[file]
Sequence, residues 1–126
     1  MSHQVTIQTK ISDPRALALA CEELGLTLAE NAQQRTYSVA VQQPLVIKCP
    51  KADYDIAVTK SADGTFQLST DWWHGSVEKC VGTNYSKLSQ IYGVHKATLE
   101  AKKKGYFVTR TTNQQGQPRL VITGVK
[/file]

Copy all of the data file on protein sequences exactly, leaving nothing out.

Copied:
Sequence, residues 1–126
     1  MSHQVTIQTK ISDPRALALA CEELGLTLAE NAQQRTYSVA VQQPLVIKCP
    51  KADYDIAVTK SADGTFQLST DWWHGSVEKC VGTNYSKLSQ IYGVHKATLE
   101  AKKKGYFVTR TTNQQGQPRL VITGVK